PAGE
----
Is Anyone Figuring Out Which Girls Character They Are?

But I wonder whether other people are truly relating to them? Or if people, by and large, like them? I generally have a weird, high standard that I hold fictional women to, and these characters, by and large, don’t seem competent in the ways I admire (that is to say, doing well at their jobs, basically, working hard, being polite, not saying things like “maybe I hope I have AIDs” to a gynecologist). So it might just be me. But I think one test of whether or not we actually find television characters appealing is when we try to project our identities onto them.

Whatever you think of her – and God knows she had a ton of shoe debt – there were women who felt that Carrie Bradshaw was not simply speaking to them, but speaking for them. Think about how many times you have heard a woman with man trouble proclaim “I am Carrie. I am such a Carrie.”

People play this game and are delighted by it. If you do not believe me, wait outside any club in the meatpacking district on a Saturday night. The women there still talk about how they are a Charlotte, or a Miranda, and, actually, no one ever says Miranda, but that’s not the point. The point is that a decade after the show ended, people still see themselves – or want to see themselves – in these specific characters.

And I’m not sure if that really happens with Girls. For all people seem to be watching it, I think if you tell someone “You’re such a Hannah!” they will reply “No, my parents do not pay for me in my entirety, and I did not use a suing app to try to sue the boss I sexually manipulated, you utter asshole.” As far as I can tell, no one wants to see themselves in any particular character. No one wants to play this game.

Admittedly, many people will say “I know a girl who is exactly like Hannah” but the subtext on that is “I am really smug about the fact that my life is much better than this one particular friend I have.” If this is really supposed to be the show that speaks for our generation, it seems like women should feel like one of the characters is a representation of them.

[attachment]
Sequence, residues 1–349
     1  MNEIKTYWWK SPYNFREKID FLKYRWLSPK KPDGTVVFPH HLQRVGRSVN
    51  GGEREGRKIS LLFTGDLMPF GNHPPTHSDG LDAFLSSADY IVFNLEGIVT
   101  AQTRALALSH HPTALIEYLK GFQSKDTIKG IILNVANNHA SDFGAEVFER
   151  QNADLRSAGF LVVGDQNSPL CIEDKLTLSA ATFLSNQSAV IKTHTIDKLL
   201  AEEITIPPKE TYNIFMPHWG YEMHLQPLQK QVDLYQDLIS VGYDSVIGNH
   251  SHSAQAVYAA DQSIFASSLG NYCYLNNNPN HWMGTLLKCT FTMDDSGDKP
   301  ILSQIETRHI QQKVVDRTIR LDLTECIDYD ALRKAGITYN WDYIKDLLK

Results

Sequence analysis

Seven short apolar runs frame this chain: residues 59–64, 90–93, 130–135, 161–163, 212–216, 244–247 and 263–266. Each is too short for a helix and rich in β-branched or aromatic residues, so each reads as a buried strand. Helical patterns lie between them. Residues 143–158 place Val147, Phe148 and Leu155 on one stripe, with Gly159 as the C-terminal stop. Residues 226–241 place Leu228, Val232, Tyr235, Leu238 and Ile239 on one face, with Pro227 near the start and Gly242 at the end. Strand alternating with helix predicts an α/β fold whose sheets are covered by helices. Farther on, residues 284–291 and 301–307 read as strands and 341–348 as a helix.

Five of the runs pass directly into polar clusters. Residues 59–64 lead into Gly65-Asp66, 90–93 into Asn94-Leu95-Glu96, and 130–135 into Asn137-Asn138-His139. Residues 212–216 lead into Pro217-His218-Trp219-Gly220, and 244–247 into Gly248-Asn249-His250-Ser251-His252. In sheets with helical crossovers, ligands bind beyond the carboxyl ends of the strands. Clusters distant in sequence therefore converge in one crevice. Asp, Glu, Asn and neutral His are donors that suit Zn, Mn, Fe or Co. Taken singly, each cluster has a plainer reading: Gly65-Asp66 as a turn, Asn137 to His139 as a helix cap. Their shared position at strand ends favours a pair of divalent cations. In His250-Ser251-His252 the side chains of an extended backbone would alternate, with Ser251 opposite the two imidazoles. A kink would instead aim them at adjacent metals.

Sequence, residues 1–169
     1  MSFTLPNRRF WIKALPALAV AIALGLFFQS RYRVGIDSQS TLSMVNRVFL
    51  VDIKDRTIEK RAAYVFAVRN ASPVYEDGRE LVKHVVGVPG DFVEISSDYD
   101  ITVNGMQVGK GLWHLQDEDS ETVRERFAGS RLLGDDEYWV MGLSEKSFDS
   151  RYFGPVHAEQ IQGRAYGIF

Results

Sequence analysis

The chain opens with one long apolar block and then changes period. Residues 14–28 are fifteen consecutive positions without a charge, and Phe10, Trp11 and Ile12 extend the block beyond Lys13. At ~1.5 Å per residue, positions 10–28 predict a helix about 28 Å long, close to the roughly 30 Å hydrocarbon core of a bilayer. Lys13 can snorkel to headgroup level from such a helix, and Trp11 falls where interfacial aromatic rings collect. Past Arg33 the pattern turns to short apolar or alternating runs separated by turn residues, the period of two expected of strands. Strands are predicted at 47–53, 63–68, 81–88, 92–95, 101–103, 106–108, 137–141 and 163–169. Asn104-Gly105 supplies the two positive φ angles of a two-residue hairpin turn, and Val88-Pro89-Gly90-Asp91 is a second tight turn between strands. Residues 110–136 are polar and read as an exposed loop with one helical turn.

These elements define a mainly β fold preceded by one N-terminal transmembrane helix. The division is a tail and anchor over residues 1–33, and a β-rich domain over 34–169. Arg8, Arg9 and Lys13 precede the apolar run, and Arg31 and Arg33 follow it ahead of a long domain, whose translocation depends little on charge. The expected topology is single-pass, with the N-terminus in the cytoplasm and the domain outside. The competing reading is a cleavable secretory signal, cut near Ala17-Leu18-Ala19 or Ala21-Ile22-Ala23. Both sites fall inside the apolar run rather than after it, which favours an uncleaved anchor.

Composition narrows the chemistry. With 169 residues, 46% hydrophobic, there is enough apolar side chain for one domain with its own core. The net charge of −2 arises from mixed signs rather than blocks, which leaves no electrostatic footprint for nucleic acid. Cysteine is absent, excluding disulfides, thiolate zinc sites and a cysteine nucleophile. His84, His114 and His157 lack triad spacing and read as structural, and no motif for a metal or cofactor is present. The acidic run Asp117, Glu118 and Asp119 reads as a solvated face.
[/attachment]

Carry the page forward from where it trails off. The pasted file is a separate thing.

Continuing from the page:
Do you? Are you the British one? It’s cool that you seem to get some pleasure out of sex, albeit monstrous pleasure.

Is anyone playing this game? For all people seem to be watching the show, I haven’t really heard anyone doing so, yet. I will make a good faith effort. I’m a Marnie. I attend factory parties looking as though I am on my way to a Junior League cocktail party. I hate myself.

(Oh, hell, despite myself, I hope it works out for these crazy kids.)

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    • Fabel

      I have not watched this show, but based on your description of Marnie yesterday, I’m probably her. I’d be pretty pissed if my boyfriend shaved his head, no matter what the reason (horrible, yes) & I really have no remorse about spilling wine on expensive things.

    • Sonsy

      The only reason I can keep watching is Jessa (the English one) because if it weren’t for her I would be trying to reach through the television and rip out all their ovaries so they can never biologically reproduce. That’s how much I despise the other three.

    • kt

      Yeah, they are all pretty awful. I really, really hate Marnie as she seems to be the most self involved. She doesn’t even seem to like her friends or ANYONE for that matter except men who try to sexually intimidate her.

      I think it’s easier to do the “I’m a Carrie…etc.” thing with SATC because those women were more set up like archetypes rather than “gritty real people”…I mean, we never saw their families, we never really saw them work, we didn’t know much about their chiidhood/ pasts…they were like cartoon characters. Shows that are more down and dirty tend to alienate people’s identity with a character because their are inherently more details about the characters, making them less like you. I can see a little of my earlier self – centeredness in Hannah, but nobody ever paid for shit for me, so I, by extension don’t “feel like Hannah.”

      On a side now, I once had one of those “backhanded” friends who’d tell you a compliment which was really an insult all the time, and she used to say that she was Carrie and I was Miranda because I had short hair. Mind you, I’m the writer who lives in wicker park and she’s the corporate admissions consultant who lives in the Gold Coast. How she fucking thought she was Carrie, I’ll never know.

      • Sam

        That second paragraph = really well articulated and I totally agree. I think having really specific characters is the same as having a really specific, detailed “personality test” or horoscope or something. If they’re detail oriented and well developed with unique reactions and characteristics, it’s so much more difficult to identify with them because they’re not just that broad, “soon you will face great difficulties!” fortunes or “you like to be both wild and straight-laced” analyses. People aren’t going to identify with these characters as easily as more generic ones which, unfortunately, Sex & the City took to a very high level.

    • Sam